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Trevor Wagner

Spider-Man: Shattered Dimensions (Xbox 360) Review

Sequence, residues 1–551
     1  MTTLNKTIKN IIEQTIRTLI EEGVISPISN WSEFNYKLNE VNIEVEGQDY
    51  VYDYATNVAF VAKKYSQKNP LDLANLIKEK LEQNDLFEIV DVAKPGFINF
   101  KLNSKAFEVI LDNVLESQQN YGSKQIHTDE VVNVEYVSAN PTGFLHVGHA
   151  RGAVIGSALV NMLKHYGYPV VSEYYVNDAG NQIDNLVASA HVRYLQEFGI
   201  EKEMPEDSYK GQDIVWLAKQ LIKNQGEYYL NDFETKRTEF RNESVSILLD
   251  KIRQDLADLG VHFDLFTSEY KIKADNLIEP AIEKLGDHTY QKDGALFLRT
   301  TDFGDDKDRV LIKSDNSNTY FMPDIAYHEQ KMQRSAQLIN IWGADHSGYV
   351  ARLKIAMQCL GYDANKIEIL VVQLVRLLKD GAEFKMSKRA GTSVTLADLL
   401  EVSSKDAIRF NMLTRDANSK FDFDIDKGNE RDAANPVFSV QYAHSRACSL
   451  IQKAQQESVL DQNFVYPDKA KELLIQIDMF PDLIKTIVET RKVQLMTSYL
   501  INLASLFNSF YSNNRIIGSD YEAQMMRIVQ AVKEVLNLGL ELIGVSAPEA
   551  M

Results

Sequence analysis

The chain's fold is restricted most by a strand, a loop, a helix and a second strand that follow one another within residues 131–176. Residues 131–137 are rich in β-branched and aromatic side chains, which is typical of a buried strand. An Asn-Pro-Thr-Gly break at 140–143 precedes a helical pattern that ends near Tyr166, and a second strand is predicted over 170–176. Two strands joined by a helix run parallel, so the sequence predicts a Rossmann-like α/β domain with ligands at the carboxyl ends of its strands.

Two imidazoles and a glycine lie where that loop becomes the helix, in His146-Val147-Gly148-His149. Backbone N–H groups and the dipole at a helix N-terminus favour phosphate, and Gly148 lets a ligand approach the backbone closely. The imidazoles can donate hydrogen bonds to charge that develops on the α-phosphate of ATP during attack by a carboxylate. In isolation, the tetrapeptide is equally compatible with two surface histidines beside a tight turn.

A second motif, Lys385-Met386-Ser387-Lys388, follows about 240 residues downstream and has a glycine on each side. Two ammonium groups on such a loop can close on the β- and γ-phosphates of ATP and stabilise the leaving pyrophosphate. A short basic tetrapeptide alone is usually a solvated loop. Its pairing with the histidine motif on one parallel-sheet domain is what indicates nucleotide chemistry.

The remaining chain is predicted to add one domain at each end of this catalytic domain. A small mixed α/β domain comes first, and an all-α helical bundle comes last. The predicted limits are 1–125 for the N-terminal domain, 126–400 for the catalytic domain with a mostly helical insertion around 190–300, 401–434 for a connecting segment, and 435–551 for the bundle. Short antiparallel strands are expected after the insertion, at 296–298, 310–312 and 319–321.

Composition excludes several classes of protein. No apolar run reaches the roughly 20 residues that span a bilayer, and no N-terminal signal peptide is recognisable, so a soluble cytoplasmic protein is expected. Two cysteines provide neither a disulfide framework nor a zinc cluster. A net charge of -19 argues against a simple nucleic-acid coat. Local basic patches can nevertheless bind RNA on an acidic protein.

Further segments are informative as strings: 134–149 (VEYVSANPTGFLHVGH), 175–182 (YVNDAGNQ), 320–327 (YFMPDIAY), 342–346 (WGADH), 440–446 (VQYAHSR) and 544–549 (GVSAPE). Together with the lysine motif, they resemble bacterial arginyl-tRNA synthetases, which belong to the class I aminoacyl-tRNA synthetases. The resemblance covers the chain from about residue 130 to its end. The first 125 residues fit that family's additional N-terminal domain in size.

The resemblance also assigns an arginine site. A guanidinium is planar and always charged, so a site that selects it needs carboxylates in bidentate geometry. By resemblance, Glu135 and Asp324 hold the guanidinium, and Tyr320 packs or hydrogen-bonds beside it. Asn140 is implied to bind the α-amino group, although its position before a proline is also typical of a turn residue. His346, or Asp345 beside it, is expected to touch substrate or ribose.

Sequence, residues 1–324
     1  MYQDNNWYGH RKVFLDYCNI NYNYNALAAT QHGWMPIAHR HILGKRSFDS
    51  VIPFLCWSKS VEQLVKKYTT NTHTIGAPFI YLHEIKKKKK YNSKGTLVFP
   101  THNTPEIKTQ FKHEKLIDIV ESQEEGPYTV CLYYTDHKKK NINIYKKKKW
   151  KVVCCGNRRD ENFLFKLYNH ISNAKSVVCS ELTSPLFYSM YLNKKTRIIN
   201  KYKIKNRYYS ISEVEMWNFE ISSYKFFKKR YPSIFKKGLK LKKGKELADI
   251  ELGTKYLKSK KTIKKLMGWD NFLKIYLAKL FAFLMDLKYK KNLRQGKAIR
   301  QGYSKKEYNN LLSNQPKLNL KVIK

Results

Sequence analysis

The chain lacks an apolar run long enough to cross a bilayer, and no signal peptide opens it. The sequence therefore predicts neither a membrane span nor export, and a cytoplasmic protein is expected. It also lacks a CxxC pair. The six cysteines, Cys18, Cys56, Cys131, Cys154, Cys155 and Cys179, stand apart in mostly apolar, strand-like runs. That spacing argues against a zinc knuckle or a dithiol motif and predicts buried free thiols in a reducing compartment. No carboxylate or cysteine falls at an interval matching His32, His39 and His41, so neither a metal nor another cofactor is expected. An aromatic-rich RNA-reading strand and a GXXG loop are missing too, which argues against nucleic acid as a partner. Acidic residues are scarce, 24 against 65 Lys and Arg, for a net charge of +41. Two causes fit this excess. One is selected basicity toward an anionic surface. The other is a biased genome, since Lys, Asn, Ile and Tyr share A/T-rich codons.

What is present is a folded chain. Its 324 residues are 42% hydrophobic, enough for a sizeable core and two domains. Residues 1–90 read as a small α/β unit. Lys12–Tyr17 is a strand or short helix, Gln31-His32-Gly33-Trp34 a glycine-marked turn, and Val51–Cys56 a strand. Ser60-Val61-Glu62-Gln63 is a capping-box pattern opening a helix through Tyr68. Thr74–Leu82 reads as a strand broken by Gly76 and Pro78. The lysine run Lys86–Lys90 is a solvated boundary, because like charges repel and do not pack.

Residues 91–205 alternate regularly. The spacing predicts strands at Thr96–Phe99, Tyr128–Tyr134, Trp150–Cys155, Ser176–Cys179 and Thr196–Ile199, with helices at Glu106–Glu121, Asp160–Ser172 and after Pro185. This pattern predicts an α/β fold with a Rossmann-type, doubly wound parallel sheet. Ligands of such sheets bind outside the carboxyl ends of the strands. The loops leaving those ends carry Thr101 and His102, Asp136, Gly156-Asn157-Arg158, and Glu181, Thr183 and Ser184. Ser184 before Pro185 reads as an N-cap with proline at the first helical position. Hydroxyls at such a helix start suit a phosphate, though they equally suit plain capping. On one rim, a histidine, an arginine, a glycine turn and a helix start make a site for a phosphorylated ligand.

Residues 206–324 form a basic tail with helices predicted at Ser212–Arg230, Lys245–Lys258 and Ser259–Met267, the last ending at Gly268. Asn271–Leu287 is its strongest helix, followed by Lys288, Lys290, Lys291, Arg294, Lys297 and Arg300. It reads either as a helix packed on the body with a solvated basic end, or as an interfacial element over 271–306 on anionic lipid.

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Spider-Man is a household name for most people nowadays. The webhead has had comics, cartoons, movies, and games for as long as most people can remember. As far as games go, the results have been mixed. Some aspects work well in some games, but not as well in others; but they've all been at least decently enjoyable at the time. It's time for the latest installment of Spider-Man games: Spider-Man: Shattered Dimensions. The premise of Shattered Dimensions is that in the Amazing Spider-Man's universe, special effects guru Mysterio breaks into a museum to steal a mystical tablet, and everyone's favorite neighborhood Spider-Man shows up to save the day. In the ensuing scuffle, Spidey ends up breaking the tablet into fragments, which scatter themselves into four different dimensions of Spider-Man: The Amazing Spider-Man, which is the standard Spider-Man universe that most people know about and remember; Ultimate Spider-Man, which is an younger version of alternate reality based off of Amazing in which he still has the symbiote suit; Spider-Man Noir, which is a black and white, 1930's pulp version of Spider-Man where he acts more as a detective than a regular super hero; and last but not least, Spider-Man 2099, a future, high-tech version of Spider-Man. To sum up the premise shortly, it's up to all four Spider-Men to get the pieces of the tablet back, and keep Mysterio from collecting all of them and using their power.